Dillian Whyte is adamant that he can still compete with the best despite coming up short against Tyson Fury in his long awaited world title shot.
Whyte (28-3, 19 KOs) is the first to admit that boxing changed his life. From a tough childhood in Jamaica to a violent passage into adulthood on the streets of Brixton, the brawling heavyweight has been open about the sport being his saviour.
Despite now having three losses on his record, he reiterated his love for the game to Betfred.
“The fire keeps burning because combat sport is what gave me the buzz to change my life. It gave me the buzz to put the weapon down. Combat sport allowed me to change my life and to become a bigger, better man. It gave me a meaning, and to me that’s something really important.”
His most recent defeat came at the hands of ‘The Gypsy King’ in April of this year. Whyte admits it was ‘tricky’ – although he puts that down to Fury’s size rather than skill or speed. He was knocked out in the sixth round following a comprehensive outboxing.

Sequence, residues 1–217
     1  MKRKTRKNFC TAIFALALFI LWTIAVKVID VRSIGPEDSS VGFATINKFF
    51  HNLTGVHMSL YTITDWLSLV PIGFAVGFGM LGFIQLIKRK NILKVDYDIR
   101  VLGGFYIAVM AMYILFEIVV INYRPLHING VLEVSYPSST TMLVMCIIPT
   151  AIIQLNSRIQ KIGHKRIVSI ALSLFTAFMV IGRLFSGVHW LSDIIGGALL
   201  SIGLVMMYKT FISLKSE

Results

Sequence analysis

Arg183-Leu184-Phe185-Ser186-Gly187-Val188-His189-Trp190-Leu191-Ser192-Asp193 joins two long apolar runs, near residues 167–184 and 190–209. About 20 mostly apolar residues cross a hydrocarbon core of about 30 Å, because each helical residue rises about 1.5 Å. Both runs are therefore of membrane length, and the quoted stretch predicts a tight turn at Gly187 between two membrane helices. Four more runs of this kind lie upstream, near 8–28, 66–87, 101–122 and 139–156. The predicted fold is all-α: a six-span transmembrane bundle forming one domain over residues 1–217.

“I still have time and I’m still young enough to correct the mistakes and stand in there and have a very good chance of being a world heavyweight champion.
The Fury fight was a tricky one. I knew it was going to be a difficult fight because he’s just so big. People say he’s fast and a great boxer but he’s not, he’s just a big guy. In the fight he just pushed me over because he’s a strong guy. That’s because he’s so big because I’m not a guy that gets pushed around easily.”
‘The Bodysnatcher’ returns to the ring this weekend against undefeated American, Jermaine Franklin. He’ll be hoping to log a win in order to work his way back up to a title shot in 2023. If he does so, a rematch with British rival, Anthony Joshua, potentially awaits.